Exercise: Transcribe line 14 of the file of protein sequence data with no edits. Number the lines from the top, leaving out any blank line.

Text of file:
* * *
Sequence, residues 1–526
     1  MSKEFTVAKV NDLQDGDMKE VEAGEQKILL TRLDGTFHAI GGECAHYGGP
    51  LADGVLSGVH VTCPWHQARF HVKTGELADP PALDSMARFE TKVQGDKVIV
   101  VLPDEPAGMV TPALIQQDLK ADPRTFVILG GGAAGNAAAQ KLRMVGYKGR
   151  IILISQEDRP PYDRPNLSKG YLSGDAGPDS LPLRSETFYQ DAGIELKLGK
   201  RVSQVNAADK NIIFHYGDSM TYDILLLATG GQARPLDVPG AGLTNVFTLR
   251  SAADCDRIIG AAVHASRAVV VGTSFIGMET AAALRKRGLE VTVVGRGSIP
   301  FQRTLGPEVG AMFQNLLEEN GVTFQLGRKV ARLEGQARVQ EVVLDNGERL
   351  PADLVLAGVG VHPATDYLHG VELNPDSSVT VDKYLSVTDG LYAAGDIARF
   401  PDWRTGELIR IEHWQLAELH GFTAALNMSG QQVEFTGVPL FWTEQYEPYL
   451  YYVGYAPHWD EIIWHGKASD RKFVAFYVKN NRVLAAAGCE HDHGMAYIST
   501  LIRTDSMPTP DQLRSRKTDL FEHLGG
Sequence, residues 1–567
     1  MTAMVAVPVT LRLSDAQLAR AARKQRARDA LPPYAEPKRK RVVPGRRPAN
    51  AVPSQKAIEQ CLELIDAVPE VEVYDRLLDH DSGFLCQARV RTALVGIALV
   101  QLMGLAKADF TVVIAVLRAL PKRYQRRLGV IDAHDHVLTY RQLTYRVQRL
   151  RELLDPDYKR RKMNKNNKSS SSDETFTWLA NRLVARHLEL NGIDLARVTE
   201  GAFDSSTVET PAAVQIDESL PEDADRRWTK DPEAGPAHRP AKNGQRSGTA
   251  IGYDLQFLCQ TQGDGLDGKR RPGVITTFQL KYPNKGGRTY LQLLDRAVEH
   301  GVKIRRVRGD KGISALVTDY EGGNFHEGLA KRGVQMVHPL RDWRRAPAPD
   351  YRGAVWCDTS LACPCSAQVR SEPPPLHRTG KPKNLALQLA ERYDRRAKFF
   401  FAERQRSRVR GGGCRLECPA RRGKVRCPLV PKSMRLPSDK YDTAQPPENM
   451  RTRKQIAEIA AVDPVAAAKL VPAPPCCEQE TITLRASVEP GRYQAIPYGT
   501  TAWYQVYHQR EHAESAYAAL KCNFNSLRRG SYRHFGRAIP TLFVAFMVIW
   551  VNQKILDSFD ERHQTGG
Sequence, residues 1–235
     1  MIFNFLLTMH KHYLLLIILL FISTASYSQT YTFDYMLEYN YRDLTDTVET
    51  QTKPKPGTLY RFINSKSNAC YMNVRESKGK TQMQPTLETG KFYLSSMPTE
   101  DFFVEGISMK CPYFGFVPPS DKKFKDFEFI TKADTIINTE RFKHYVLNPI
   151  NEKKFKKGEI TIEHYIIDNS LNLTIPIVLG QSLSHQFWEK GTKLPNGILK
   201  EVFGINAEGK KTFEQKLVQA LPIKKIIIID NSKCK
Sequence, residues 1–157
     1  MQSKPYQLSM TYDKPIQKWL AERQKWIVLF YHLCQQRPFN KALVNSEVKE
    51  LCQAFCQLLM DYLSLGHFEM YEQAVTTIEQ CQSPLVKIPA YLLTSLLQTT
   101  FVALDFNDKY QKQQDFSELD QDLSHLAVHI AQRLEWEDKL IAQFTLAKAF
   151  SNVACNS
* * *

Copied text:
     1  MTAMVAVPVT LRLSDAQLAR AARKQRARDA LPPYAEPKRK RVVPGRRPAN